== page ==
"NPB as a whole is still quite a bit behind MLB in terms of having analytical/technical staff within the organization to do analysis," Murata says. "A team often has a hybrid of analyst/video coordinator/some form of scout. Our strategy office has nine full-time staff including four advance scouts, and two more that also hold other responsibilities. I’d say we have 3.5 analysts, which is more than any other team, and I believe we’re the only team that has an independent, standalone database dedicated solely for analysis (other teams usually rely on third-party companies for providing analytical tools). We also have former players who help gather input from players/coaches, and also distill the analytical output to them."
Murata says that his group, which owes its trusted status to Okada (who continues to advise Rakuten), offers data-driven input in four main areas: outfield positioning; evaluating player performance based on batted-ball speed and launch angle; determining which relievers can and can’t handle outings on consecutive days; and, yes, calculating the costs and benefits of sacrifice bunts. Perhaps not surprisingly, the Golden Eagles have laid down the fewest sac bunts in the Pacific League this season.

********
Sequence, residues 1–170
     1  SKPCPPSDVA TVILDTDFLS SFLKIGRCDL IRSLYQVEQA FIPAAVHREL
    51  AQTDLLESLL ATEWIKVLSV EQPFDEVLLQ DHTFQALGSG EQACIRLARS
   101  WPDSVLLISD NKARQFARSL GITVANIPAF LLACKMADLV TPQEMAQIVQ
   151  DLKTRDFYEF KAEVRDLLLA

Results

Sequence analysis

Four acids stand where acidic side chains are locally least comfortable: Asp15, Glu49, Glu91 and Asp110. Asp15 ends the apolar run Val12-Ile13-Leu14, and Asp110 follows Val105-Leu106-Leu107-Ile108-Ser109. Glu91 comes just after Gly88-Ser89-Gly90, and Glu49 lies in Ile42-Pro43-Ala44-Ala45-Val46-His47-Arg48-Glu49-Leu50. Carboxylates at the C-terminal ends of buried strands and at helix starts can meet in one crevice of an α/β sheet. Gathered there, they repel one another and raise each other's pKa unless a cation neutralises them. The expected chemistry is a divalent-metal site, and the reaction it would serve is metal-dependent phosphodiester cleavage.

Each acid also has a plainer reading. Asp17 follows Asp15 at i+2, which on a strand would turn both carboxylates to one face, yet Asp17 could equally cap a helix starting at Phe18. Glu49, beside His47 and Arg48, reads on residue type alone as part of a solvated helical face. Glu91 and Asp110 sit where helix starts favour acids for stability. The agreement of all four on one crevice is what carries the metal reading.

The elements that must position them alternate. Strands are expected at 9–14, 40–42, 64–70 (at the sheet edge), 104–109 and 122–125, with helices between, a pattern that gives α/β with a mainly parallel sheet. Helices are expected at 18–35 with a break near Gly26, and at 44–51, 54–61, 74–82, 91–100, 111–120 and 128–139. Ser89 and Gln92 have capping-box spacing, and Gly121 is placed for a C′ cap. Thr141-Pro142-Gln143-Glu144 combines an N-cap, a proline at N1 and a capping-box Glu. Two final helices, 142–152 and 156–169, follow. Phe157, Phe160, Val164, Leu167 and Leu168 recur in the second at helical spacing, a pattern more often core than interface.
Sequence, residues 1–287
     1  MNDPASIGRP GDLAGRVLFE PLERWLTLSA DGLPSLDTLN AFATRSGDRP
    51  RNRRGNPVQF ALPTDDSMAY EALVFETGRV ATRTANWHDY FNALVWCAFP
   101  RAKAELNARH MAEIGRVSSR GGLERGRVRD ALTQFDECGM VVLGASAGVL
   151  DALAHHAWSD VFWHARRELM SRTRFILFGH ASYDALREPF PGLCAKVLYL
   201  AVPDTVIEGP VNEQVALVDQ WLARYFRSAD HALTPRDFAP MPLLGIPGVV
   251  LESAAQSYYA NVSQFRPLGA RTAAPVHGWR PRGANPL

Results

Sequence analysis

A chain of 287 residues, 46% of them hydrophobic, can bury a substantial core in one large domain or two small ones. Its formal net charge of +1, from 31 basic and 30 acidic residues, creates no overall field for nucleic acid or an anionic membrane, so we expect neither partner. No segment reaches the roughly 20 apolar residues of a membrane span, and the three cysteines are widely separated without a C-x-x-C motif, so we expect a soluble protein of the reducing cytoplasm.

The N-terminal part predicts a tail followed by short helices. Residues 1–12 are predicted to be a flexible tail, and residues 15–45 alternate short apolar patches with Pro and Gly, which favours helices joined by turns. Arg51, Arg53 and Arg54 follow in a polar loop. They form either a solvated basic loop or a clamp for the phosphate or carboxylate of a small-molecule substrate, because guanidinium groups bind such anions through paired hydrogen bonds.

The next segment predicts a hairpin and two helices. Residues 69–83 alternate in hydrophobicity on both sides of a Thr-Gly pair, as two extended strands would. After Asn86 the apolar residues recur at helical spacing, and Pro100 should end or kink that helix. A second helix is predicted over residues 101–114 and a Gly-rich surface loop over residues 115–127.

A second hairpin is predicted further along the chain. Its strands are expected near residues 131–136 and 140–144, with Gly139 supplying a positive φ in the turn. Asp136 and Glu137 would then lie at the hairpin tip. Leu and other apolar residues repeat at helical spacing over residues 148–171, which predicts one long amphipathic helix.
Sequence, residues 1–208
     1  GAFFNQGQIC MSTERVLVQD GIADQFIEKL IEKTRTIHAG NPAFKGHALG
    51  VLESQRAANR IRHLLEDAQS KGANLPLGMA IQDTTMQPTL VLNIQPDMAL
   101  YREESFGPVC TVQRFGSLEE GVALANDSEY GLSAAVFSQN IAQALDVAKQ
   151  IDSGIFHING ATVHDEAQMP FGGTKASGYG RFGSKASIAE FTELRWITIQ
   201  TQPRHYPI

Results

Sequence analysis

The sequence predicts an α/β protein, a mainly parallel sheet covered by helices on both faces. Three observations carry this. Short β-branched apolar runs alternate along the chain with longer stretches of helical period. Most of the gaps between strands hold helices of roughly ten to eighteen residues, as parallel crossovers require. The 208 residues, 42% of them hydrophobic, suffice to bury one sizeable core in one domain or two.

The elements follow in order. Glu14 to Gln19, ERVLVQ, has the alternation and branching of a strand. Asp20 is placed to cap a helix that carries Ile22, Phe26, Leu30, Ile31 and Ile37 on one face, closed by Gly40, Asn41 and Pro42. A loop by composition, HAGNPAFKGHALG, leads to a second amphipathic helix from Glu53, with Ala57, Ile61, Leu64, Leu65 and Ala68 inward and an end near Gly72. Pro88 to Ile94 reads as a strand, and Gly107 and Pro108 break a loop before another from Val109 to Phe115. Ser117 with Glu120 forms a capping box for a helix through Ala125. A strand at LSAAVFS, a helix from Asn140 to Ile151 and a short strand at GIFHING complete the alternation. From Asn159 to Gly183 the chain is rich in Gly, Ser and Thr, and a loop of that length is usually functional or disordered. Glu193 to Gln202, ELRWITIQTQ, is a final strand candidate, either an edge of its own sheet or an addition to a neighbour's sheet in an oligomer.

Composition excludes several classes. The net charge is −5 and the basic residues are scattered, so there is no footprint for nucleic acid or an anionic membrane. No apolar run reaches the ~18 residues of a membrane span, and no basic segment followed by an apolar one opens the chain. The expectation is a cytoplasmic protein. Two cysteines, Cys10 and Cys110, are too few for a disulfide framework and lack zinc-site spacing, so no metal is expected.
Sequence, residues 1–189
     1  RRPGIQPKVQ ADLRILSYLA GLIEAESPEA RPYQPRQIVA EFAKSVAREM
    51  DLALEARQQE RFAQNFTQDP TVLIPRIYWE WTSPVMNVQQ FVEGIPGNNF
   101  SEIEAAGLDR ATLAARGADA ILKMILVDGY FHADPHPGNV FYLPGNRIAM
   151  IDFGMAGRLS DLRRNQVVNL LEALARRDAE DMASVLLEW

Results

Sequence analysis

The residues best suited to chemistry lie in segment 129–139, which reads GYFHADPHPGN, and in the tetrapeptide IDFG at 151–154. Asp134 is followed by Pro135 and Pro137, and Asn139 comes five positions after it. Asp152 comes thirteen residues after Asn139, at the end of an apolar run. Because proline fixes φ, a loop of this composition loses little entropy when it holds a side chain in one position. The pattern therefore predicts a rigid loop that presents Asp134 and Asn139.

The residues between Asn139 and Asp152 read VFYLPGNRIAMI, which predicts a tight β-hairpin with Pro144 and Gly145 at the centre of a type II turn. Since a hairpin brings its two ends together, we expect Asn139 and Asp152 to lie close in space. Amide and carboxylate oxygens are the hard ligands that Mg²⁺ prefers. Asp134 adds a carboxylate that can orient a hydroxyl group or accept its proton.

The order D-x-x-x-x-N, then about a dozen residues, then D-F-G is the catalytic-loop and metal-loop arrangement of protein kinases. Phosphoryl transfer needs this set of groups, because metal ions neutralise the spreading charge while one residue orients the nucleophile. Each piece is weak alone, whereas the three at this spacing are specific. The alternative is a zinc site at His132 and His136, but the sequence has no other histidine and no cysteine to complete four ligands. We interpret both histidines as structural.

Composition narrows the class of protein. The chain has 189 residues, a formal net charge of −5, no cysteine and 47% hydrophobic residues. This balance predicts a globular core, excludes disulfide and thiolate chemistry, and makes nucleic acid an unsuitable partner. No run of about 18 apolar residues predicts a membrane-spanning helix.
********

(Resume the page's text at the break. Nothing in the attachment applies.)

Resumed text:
Thanks in part to Okada’s efforts, change is arriving incrementally. Jason Coskrey, who covers baseball for The Japan Times, says via direct message that he’s seen the NPB’s audience become more statistically literate during his 10 years in Japan. "The All-Star broadcasts [this season] were at stadiums with TrackMan, so it was heavy on spin rates and batted-ball exit velocity and angles, and [the broadcasters] talked about it every chance they got during Game 1," he says. "Overall, you see a lot more sabermetric stuff than when I got here, which was basically none. A lot of the pre- and postseason baseball guides feature sabermetrics as well, so it’s definitely growing, just not at the heights it is in North America right now."
Adam Guttridge, a former Brewers analyst who now licenses his NEIFI player-evaluation system to teams, says that comparing Okada to any one person — even James — undersells how much he’s accomplished. Because he’s built his own network of stringers, played a leading role in promulgating and popularizing the data they collect, and remained at the forefront of Japan’s sabermetric movement, Guttridge suggests that Okada is really like John Dewan (the founder of STATS and Baseball Info Solutions), Sean Forman (the creator of Baseball-Reference), and Tom Tango (an author and consultant turned senior data architect for MLB Advanced Media) all rolled into one.